Apart from finding it difficult to raise domestic capital, such funds are also finding investment options hard to come by. The $1.6 billion invested since 2000 has been spread across roughly 220 enterprises, but 60% of the capital has gone to only 15 of them, said Dutt of Intellecap.  “There is a lot of money chasing few enterprises. We need to break that. We need more scalable models. That is the big challenge.”  One possible reason for the low numbers is that the Intellecap report studied only enterprises that have a for-profit model, and that identify themselves as social enterprises. The report did not study enterprises that do not think of themselves as “social”, or social enterprises that do not follow a for-profit model.
Vishal Mehta, co-founder, of Lok Advisory Services confirmed that most impact investments in India have gone into microfinance firms and other businesses linked to financial inclusion, that are capital intensive. Lok Capital, an impact fund, was launched at the end of 2000 with the support of a grant from the Rockefeller Foundation and has carried out 16 investments in total. The fund has exited four of the investments.
Successful exits are another problem faced by impact investing firms. Since 2000 the sector has seen only 15 premium exits, says the Intellecap report. Premium exits are those in which the funds manage to earn a premium over and above the expected IRR (internal rate of return) which ranges from 5% to 25% depending on the company.  “There have been only 15 exits, say one a year,” said Intellecap’s Dutt. Here too, almost all exits have come from Aavishkaar, India’s oldest impact fund that has been investing since 2001, she said, adding: “Most of the funds are new; give it another five years and we will be seeing a lot of exits.”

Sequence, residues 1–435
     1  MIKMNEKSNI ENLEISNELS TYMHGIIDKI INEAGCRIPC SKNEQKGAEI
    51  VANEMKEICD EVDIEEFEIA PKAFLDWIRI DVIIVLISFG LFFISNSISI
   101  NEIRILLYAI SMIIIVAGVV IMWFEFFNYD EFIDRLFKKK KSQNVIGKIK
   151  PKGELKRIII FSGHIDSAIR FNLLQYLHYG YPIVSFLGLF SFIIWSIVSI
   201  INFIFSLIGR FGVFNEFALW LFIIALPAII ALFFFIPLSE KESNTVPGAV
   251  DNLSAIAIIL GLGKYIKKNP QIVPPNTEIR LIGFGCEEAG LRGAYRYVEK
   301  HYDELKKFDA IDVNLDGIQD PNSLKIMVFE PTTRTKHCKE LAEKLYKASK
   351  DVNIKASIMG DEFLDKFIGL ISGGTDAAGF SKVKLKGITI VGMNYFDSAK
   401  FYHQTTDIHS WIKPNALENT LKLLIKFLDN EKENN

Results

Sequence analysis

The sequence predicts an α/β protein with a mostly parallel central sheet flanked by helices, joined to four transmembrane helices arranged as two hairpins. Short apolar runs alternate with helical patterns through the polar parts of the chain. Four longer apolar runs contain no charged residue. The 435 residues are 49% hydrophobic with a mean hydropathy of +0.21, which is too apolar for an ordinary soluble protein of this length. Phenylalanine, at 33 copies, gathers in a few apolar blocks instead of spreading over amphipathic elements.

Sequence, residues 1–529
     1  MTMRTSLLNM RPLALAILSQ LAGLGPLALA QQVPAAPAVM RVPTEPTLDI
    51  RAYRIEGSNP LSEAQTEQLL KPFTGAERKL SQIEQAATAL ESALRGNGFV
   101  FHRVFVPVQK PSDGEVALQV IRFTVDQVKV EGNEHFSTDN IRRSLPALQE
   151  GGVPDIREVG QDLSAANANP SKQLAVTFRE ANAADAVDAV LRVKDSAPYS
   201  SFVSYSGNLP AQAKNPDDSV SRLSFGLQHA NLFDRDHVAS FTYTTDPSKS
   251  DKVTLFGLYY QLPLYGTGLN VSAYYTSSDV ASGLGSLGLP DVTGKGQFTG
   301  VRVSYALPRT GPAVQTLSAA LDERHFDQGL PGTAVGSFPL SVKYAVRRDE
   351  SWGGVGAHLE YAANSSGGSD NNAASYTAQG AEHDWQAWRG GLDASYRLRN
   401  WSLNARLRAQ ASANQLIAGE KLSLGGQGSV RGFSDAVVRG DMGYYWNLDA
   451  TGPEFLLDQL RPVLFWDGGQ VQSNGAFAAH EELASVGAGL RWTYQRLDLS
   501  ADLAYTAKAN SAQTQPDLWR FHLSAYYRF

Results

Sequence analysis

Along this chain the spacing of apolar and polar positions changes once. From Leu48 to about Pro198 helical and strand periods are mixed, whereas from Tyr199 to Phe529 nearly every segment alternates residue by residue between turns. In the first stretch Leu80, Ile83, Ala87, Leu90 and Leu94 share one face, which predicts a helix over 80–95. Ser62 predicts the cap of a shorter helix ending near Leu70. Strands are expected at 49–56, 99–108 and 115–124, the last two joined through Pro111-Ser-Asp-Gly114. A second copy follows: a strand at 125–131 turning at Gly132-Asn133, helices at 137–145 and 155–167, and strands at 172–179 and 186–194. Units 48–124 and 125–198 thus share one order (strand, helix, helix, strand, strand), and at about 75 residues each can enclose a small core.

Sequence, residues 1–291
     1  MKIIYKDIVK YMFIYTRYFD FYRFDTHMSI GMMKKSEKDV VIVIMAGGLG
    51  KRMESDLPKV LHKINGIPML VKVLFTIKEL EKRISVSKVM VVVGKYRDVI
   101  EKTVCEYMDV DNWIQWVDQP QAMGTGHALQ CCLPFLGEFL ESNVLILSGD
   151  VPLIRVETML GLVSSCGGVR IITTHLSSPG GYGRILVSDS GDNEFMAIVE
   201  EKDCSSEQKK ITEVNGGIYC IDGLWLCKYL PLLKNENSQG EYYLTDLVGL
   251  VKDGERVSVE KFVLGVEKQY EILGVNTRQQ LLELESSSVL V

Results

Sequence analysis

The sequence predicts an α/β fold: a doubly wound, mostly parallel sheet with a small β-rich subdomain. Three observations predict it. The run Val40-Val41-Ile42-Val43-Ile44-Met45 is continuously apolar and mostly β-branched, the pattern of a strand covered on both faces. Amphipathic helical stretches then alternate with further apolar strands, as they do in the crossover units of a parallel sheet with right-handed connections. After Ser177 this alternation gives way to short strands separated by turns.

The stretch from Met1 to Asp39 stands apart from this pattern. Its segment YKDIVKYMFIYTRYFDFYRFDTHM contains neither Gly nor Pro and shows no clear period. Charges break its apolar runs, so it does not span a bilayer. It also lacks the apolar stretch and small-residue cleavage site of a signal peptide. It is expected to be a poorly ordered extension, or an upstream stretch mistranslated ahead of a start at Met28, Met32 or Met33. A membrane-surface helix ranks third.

Of the exits so far, 10 have been in sectors like MFIs such as Ujjivan, Janalakshmi, Equitas, BASIX and SKS Microfinance. The remaining have been in the sectors such as livelihoods (Rangasutra, Desert Artisans), clean energy (Servals) and agri-business (Shree Kamdhenu Electronics).  Sectors like education, water and sanitation need a much higher gestation period to show scale and returns, said Dutt. In addition, these are sectors with a strong government presence, especially in the form of subsidies which makes it a challenge to develop commercially viable business models.
Aavishkaar has seen the largest number of exits across both MFI and non-MFI enterprises. Lok, Bellwether and MSDF are other investors who have made exits from MFIs. Aavishkaar is the only fund with non-MFI exits till date.  Aavishkaar Venture Management is the country’s oldest and largest social venture capital firm which has deployed over $90 million in over 45 enterprises since 2001.
Vineet Rai, partner and managing director, Aavishkaar said that exits are a natural problem for all venture capital firms. “In our case, since we invest in early stage social enterprises we either exit or never exit. But at the same time you can get a return of 20%, 40% or even 100% from social enterprises,” he said.  Aavishkaar started as a non-MFI fund, but expanded its portfolio to invest in education, healthcare and MFI. “The initial five years were very challenging and [we] could not easily raise money. But it becomes better as you build capabilities,” said Rai.
Editor’s note:  This article was first published at LiveMint.com on April 14, 2014 with the title “Firms investing in social sector have deployed $1.6 bn in India since 2000.”